Soy Cuba

Soy Cuba, or I Am Cuba, is a 1964 film directed by Mikhail Kalatozov about the Cuban Revolution of the late 1950s and 60s.  In essence, the film was a propaganda film by the communist Russians in their new partnership with the now socialist Cuba, led by Fidel Castro, and was meant to stir anti-American feelings.  It is broken up into four stories: The story of a poor Cuban girl that has to resort to prostitution with wealthy Americans to make a living, a poor sugar cane farmer that burns his crops when an American company buys his land, a rebellion lead by Cuban students that turns into a riot before being suppressed, and the story of an average farmer who joins rebels in the mountains to fight for revolution in Cuba.

The story of Maria, the prostitute in the first story of Soy Cuba, was the Russian way of showing the raping of Cuba by the United States.  The three American men depicted are rude and disdainful of the Cuban people, and they feel free to have whatever they want.  The American that sleeps with Maria views her as more of a social scientific experiment than as a person.  He buys her crucifix from her, though it is her only treasured possession, simply because he collects them.  Also in this story, the American man is forced to walk through the slums of Cuba and is horrified by what he sees.  This was done to show the view that Americans did not care for the troubles that the Cuban people faced every day and were unwilling to help their World War 2 allies.

At the start of the Cold War in post-World War 2 years, the United States formed “heavier industries in Latin America that were subsidiaries of US multinational corporations” (Chasteen 258).  These industries were designed to not be competitive with US factories, so that American goods were higher priced and quality.  This lead to growing anti-American sentiments in Latin America, which was becoming more and more socialist and nationalist, which in turn lead to suspicion in the US because of it’s large anti-Communist ideals.  These ideals had sprung from the growing conflict with the USSR over the prevention of Communism in the world (Chasteen Chapter 8).  This is shown in the second story of Soy Cuba, the story of the farmer who is bought out by an American company.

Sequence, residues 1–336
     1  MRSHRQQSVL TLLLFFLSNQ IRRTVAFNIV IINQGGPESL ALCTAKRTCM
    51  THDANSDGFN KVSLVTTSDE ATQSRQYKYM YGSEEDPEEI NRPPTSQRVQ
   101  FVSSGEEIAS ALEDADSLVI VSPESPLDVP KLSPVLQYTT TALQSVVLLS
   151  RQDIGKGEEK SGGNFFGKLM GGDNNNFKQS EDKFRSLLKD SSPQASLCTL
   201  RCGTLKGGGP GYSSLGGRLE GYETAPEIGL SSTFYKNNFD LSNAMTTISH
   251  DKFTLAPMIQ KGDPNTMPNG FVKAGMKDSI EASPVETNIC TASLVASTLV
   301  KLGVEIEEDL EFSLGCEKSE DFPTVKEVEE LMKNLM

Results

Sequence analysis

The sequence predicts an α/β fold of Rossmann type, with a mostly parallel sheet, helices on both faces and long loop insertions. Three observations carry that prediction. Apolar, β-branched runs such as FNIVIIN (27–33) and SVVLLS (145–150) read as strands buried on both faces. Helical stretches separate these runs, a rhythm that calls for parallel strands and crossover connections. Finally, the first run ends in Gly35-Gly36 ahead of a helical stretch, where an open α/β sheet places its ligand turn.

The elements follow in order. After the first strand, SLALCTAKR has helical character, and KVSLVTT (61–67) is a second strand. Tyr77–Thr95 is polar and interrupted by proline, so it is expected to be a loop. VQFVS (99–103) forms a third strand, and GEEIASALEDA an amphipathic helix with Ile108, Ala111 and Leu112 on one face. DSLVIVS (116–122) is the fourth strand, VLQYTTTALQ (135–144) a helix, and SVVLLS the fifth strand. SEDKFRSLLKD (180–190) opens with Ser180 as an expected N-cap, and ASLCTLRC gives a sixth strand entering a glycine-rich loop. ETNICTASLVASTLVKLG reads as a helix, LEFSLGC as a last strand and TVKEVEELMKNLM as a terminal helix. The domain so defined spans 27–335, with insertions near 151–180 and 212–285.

One of the main causes of the Cuban Revolution, depicted in stories two and three, was economic concerns.  Cuba, at the time of the revolution, was the second most invested in country in Latin America by the United States, and growing nationalist sentiments in men like Castro were what accelerated the revolution into open guerrilla warfare (Eckstein 503-504).  The film did little to show the anti-American causes of the revolution, and focused more on a glorified and sentimental human aspect of the fight.  Both of the last two stories focused on men who believed in and fought for the revolution because of the love for their homeland and families, not because of American influences in their nation’s economy.